2024 is an Olympic year and all eyes for Australia’s athletes will be on qualifying for Paris.
Article updated 31 December 2023
The Australian domestic season is a big part of that journey for many athletes. The major dates and events of the 2023/24 summer of athletics have been announced. Here’s our top 10 insights into the season:
First some context. For athletes vying for the Olympic team there’s two qualifying pathways:
- Meeting tough entry standards and then being nominated for selection at the discretion of Athletics Australia’s selectors
- Qualifying for a quota position and then then being nominated for selection at the discretion of Athletics Australia’s selectors
There are already 25 Australian athletes who have already met the entry standards, and who are in prime positions to be selected for Paris.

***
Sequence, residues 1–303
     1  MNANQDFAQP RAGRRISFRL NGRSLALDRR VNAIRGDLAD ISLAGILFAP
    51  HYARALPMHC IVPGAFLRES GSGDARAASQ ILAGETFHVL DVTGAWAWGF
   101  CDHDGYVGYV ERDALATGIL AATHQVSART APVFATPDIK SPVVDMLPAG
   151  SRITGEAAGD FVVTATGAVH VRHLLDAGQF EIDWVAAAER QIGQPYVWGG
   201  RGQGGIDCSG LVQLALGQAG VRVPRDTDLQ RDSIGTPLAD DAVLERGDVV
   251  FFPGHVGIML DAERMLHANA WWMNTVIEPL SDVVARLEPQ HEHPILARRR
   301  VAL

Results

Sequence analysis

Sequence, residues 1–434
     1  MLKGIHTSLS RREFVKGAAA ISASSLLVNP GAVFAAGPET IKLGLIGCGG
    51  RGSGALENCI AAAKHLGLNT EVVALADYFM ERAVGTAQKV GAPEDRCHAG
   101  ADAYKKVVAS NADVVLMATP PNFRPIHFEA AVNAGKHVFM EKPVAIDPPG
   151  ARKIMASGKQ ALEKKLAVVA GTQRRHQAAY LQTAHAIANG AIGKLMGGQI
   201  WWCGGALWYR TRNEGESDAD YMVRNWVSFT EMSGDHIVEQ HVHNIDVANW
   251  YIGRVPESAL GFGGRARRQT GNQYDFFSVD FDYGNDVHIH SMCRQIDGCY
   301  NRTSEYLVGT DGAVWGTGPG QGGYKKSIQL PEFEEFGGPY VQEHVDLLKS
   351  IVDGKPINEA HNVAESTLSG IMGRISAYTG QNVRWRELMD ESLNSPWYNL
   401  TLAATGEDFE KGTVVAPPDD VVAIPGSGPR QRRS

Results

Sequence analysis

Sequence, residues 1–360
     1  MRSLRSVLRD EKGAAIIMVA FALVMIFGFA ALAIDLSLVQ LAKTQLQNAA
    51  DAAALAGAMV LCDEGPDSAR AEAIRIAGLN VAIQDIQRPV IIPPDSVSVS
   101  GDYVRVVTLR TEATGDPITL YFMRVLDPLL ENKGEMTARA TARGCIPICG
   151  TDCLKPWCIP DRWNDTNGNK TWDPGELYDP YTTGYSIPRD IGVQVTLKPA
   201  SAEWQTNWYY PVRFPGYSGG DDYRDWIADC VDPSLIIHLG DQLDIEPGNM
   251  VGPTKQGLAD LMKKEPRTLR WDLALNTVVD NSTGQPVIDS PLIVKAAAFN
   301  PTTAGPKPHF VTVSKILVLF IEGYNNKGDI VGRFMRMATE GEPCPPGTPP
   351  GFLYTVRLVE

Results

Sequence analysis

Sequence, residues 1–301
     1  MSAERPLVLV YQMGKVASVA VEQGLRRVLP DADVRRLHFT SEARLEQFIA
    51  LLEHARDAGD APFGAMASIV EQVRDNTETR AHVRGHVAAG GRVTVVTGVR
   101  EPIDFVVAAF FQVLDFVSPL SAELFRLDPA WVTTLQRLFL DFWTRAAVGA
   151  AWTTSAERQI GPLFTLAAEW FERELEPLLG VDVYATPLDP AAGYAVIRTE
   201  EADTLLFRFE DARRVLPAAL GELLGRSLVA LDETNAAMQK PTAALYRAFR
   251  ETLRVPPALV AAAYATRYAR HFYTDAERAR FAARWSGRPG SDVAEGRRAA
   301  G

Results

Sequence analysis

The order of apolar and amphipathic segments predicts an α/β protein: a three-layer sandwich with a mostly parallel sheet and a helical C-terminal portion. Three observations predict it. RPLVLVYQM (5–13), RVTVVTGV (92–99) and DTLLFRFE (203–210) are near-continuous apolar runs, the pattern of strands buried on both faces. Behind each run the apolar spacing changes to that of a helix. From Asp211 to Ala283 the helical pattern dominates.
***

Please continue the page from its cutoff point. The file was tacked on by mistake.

Ultimately all nominations to the Australian Olympic Committee are at the discretion of Athletics Australia’s selectors, who have to follow the Nomination Criteria. There’s a lot of nuance within the criteria (such as relays being implicitly prioritised over individual selection for sprinters), with there being two clear horizons for nomination:
- Immediately after the Australian Championships (11-14 April 2024): athletes who have achieved the entry standard and finish in the first two at Nationals are eligible for nomination/selection at this point (providing they also meet various other critieria, such as competing in another AA summer meet).
- At the end of the qualifying and ranking period (30 June 2024): athletes who have achieved the entry standard or who have a quota position based on World Athletics Rankings, are eligible for nomination/selection.